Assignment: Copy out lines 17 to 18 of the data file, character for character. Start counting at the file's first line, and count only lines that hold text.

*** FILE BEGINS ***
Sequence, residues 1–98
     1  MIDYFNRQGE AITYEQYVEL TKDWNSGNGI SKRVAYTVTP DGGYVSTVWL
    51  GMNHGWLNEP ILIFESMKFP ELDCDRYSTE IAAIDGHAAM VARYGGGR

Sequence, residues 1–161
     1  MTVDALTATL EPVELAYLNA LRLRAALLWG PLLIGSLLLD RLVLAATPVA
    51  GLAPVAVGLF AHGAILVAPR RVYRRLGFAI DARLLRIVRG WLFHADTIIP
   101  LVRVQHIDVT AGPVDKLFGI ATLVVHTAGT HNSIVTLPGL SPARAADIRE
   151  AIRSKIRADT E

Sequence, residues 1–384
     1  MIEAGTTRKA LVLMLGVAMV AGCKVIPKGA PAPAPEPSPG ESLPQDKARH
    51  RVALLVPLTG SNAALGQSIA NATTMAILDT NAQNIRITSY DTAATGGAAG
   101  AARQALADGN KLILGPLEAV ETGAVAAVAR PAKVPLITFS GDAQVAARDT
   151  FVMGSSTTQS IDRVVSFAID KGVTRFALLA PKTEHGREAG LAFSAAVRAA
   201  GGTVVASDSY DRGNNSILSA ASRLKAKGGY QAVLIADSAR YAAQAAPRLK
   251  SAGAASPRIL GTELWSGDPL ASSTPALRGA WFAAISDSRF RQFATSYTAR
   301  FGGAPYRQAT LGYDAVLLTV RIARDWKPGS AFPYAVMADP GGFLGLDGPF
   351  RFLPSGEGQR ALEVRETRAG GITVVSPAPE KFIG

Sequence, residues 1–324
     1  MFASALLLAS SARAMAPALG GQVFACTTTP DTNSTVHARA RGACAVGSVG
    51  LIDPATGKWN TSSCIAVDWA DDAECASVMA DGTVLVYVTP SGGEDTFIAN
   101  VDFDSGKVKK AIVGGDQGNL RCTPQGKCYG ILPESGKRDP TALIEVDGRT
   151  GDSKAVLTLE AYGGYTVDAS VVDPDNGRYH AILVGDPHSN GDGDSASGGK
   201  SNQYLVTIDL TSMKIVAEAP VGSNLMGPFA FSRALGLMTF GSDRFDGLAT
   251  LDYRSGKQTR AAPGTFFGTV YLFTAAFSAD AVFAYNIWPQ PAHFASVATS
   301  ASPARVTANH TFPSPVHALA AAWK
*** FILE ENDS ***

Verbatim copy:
   351  RFLPSGEGQR ALEVRETRAG GITVVSPAPE KFIG

Sequence, residues 1–324